In the routine of daily life or in the crises that overtake us, God is our Sustainer.
At 4:30 one Saturday morning in 1994 our phone rang, waking us. Such a call is most likely bad news, a prank call, or a drunk calling a wrong number. For us it was bad news. On the other end of the line was our oldest daughter, Susan, calling from the south of France where she and her family lived. She had just received a call from the ministry in the north of France where Kent, our only son, worked with profoundly disabled adults. Kent, on his way to a meeting on his bicycle, had been struck and killed by a drunk driver. At a time like that people ask all kinds of questions: Is God sovereign—could He have kept it from happening? Is God love? Does God care? Is God there? It is in the face of a tragedy and in the midst of sorrow that somehow we must grasp the cord of truth about God revealed in Scripture: God is sovereign and in some way works through tragedy. God is love in ways that we may not grasp in this life but that one day will be plain to us. God does care and will use this for good in our lives. God is there. He is with us. The writer of the letter to the Hebrews reminds us that God never leaves us nor forsakes us in the worst of times when our fears and tears threaten to overwhelm us (hebrews 13:5, quoting deuteronomy 31:6).
This awareness of God at work even in tragedy gives us a different way to see life and see pain. Knowing God sustains us in our darkest moments and teaches us the difference between what passes and what lasts. But knowing God also sustains us in daily life. It’s not easy to be trustworthy, but God is there and sees that we can be trusted. It’s not convenient to be shrewd, but God sees our work and is honored by it. It’s not easy to be generous, but God cares about our generosity. It’s not fun to be diligent, but we work to glorify God our Maker. It’s not easy to speak wisely and kindly all the time, but God hears what we say. Our relationship with God gives us a different perspective on life. We know what matters. We know what lasts and what passes away, and we choose what lasts eternally. And we bring that perspective to every choice we make—whether or not to be trustworthy, whether or not to plan ahead and work with care, whether or not to show compassion, whether or not to pursue our goals with diligence, whether or not to control our tongues. What we believe about God determines how wisely we live life. The fear or reverent awe of God motivates us to manage our time wisely in the light of eternal values. The fear of the Lord motivates us to use our resources wisely to benefit others. The fear of the Lord helps us evaluate every choice we make each day.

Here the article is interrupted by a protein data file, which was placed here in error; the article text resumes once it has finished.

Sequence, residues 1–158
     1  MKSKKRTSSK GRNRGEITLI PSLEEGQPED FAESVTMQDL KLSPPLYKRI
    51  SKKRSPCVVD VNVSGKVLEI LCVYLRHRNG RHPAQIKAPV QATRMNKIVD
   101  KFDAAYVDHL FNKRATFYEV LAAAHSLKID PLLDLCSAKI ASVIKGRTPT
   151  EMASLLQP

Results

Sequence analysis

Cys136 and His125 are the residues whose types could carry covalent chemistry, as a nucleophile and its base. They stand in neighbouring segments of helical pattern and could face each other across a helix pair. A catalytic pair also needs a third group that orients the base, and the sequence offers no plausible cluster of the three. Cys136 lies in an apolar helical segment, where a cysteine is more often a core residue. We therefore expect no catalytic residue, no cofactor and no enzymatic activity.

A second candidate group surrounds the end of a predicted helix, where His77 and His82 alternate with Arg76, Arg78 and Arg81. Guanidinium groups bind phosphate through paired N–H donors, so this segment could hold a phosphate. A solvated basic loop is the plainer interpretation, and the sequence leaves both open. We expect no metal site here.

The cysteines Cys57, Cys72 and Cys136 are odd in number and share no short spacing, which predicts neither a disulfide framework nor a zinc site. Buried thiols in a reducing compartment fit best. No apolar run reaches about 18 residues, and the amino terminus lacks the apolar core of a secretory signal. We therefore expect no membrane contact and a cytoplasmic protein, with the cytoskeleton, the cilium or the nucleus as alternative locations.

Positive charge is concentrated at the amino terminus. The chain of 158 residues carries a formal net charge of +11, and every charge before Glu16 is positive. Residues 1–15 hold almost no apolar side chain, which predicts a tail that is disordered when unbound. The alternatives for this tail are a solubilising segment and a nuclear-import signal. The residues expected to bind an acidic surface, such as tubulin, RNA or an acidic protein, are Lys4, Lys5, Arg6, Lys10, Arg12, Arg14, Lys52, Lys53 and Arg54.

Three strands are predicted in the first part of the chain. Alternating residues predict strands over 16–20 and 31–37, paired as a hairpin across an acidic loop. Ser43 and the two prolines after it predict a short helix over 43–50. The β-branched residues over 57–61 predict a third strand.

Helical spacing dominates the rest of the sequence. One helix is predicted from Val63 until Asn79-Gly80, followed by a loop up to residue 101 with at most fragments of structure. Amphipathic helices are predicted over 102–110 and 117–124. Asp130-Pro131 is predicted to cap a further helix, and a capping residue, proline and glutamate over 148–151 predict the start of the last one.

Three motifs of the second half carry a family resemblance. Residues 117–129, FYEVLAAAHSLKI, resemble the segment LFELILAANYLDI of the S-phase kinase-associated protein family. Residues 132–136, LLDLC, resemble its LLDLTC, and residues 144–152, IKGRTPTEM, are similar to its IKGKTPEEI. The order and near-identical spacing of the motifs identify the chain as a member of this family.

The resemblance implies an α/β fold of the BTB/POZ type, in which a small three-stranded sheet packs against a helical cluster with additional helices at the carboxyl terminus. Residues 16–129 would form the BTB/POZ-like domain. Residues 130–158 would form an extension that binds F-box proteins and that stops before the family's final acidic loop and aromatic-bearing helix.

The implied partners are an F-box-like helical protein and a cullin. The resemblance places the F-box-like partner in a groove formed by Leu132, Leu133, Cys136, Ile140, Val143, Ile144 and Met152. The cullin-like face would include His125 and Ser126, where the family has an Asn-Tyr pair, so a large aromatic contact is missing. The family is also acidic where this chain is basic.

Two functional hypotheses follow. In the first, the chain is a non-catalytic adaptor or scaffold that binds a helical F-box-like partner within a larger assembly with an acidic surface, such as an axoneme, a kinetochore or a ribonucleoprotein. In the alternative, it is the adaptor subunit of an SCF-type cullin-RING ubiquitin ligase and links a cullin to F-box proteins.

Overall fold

A hundred years ago Ella Wheeler Wilcox published a short poem whose lines are as true today as they were a century ago when she wrote them:
One ship sails East,
And another West,
By the self-same winds that blow;
’Tis the set of the sails
And not the gales
That tells the way we go.
It’s the set of the sail and not the gale. It’s your choice. Men and women, singles and marrieds, learn from Proverbs 31. Choose to live your life wisely, in the light of what lasts forever. If you do, you will be characterized by a strong commitment, by trustworthiness, by shrewdness, by generosity, by diligence, and by a controlled tongue. Even more, you’ll know the difference between what passes and what lasts—and you’ll give yourself to what lasts for eternity. That’s God’s formula for living life with skill. Be wise. Be a person of strength. It’s your choice.